Canadian Cannabis

Canada has seen a surge in cannabis cultivation and breeding following legalization. Canadian strains encompass a range of genetics and hybrids influenced by various global varieties. With diverse growing conditions, Canadian weed features many flavors, effects, and characteristics. The country’s cannabis market uses hybrid varieties with diverse genetic backgrounds, offering consumers a variety of choices catering to different preferences.

Cannabis buds lying on maple leaf flag.

In 2018, Canada became only the second country after Uruguay to legalize the farming, possession, and consumption of marijuana. As a result, it has seen a rise in the popularity of cannabis-based products for both recreational and medicinal uses. 

These regional subcategories showcase the diversity of cannabis strains and their unique characteristics. They vary by geography, climate, and traditional cultivation practices. However, it is essential to note that modern breeding techniques have led to hybridization and variations. As a result, the strict categorization of strains by their geographical origins could be blurry.

Other Regions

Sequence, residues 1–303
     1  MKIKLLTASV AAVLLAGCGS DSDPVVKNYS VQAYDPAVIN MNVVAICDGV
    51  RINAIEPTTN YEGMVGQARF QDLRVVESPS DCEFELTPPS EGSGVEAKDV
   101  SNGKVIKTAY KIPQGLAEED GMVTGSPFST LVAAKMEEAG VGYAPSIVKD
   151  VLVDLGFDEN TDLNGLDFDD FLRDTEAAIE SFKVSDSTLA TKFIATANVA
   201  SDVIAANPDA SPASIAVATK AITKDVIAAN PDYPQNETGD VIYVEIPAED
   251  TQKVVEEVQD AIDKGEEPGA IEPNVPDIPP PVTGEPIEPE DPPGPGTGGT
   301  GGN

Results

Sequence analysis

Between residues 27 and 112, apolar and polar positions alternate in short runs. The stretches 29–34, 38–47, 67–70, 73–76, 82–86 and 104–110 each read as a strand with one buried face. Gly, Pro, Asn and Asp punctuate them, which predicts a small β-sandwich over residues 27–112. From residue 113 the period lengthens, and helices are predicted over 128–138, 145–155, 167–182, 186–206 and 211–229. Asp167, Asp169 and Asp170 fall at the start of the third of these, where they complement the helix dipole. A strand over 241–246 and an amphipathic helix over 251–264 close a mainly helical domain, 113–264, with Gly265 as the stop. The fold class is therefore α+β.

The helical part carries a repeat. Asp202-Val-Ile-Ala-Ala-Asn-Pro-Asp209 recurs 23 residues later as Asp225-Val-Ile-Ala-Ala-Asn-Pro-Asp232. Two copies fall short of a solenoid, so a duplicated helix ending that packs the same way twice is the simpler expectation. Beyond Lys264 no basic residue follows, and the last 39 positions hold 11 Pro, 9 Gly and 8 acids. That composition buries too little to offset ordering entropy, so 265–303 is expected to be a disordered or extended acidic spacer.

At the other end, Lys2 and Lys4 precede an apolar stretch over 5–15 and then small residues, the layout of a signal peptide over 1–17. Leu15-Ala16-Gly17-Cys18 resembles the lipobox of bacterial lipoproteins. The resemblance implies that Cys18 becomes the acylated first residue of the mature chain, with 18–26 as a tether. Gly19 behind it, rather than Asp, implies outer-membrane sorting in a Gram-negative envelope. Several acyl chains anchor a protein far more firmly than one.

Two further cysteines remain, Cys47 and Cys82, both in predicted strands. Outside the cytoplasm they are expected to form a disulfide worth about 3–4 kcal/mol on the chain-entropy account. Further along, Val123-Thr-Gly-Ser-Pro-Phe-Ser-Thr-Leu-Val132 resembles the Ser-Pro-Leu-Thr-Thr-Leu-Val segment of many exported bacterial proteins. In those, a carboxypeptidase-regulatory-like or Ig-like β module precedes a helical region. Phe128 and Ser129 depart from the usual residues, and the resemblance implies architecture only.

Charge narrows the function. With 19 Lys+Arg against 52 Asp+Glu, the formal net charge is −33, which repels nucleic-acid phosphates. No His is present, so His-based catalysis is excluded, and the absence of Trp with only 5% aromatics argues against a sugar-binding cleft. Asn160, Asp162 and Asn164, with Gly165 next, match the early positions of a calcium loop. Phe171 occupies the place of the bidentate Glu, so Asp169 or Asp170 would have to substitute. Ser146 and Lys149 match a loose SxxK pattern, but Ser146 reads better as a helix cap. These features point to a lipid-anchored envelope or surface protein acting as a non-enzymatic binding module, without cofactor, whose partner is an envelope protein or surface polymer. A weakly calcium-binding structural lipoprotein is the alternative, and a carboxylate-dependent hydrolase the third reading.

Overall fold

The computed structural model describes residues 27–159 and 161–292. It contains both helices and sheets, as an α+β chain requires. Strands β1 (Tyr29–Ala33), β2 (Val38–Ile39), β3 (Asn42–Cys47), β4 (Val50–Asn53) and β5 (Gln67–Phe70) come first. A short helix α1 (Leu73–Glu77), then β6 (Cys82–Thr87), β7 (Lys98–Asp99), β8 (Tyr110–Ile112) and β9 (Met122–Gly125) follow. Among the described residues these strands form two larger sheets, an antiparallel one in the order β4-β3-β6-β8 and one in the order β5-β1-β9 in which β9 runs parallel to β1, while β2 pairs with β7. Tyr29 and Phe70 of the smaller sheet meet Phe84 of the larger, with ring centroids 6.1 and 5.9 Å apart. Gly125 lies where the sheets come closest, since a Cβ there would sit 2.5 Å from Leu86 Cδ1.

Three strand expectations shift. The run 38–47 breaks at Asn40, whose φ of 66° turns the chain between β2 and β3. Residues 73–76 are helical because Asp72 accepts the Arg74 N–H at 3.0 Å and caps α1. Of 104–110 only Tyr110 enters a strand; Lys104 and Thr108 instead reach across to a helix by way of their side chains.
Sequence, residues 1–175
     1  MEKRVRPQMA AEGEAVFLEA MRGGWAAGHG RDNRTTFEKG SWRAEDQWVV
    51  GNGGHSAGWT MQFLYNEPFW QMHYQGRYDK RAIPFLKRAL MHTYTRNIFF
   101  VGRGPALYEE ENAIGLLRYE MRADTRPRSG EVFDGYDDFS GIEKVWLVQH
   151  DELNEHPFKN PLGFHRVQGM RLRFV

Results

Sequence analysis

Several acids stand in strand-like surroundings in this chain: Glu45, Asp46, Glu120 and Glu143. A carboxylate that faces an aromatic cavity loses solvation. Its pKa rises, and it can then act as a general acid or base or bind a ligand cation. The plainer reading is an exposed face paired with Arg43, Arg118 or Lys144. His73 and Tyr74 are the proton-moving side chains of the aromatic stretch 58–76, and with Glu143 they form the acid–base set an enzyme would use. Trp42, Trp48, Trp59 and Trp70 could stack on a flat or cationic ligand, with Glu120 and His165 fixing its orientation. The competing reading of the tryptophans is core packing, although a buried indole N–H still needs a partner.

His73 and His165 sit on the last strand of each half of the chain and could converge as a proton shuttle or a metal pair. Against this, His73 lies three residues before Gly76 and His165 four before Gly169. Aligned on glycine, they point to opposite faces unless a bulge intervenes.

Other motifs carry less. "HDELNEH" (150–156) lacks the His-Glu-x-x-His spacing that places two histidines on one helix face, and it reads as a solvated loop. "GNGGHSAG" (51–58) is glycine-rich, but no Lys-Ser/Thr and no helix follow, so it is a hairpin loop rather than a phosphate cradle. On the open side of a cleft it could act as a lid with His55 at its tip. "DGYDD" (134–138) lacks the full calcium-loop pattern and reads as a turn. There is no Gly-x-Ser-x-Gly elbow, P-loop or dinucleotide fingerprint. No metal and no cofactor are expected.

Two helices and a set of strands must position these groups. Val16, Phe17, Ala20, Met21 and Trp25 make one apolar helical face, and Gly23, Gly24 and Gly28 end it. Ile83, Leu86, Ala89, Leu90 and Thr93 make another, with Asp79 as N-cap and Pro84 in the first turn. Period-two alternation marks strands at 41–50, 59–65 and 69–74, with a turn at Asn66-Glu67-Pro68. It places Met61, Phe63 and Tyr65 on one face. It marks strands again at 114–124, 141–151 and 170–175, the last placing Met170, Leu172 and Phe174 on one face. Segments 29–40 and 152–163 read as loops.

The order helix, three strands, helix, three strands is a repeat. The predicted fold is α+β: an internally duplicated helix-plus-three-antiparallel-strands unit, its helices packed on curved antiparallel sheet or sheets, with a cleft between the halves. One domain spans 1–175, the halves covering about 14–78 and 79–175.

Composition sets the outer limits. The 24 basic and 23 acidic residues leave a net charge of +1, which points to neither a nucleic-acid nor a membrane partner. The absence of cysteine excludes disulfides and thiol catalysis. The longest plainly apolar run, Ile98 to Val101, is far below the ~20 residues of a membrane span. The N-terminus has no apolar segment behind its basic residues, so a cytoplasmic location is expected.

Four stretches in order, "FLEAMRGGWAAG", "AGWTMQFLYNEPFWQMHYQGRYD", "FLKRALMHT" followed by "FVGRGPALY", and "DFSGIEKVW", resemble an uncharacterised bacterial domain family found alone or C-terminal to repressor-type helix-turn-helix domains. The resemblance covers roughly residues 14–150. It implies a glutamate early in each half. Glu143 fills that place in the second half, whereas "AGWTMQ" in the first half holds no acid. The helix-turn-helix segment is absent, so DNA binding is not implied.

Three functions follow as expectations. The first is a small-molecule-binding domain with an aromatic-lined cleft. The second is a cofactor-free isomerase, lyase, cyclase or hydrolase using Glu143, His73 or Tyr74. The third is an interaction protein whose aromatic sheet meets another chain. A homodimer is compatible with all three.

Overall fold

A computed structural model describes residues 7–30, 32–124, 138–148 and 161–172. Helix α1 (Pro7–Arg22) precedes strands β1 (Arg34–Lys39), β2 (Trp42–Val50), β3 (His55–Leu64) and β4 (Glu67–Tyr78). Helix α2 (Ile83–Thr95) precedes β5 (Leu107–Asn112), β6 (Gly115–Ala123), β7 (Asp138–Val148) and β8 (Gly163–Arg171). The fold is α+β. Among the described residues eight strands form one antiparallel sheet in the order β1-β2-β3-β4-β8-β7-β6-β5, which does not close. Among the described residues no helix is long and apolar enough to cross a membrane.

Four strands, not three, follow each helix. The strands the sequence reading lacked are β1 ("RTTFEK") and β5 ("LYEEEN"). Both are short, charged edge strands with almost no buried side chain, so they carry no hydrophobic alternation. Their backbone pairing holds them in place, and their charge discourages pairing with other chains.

There are still other parts of the world where marijuana grows naturally. However, they might yield as prominently as the regions listed above. Moreover, their strains might not be as popular in the global market. Some of these regions include:

A Himalayan landscape

India

Indian history speaks of the use of marijuana, particularly in the Himalayan regions like Uttarakhand and Himachal Pradesh. However, its specific strains might not have gained as much global recognition. Certain local varieties and hybrids are grown for religious, medicinal, and cultural purposes.

Nepal

Nepal, situated in the Himalayas, has a long history of cannabis cultivation. Its high-altitude regions foster the growth of cannabis plants. Local strains (often called the Nepalese or Himalayan) might exhibit indica and sativa traits combined. However, their international presence might be limited compared to other regions.

Street shop selling curios in what looks like Nepal
Pigeon rocks of Lebanon

Lebanon

Lebanon has a rich cannabis culture, especially in the Beqaa Valley. Cannabis cultivation has been a part of Lebanese heritage for centuries. Lebanese hashish is known for its distinct aroma and flavor, but again, specific strains might not have gained widespread recognition outside the region

Morocco

Cannabis cultivation is prevalent in regions of Morocco, especially in the Rif Mountains. The country is a significant producer of hashish. Strains like Rif Valley or Moroccan hashish are known for their potency and distinct flavors, although they might not be so well-known outside the country.

Man in hat sitting crouched against a colorful building
Boats on a beach with a lot of greenery around in the background.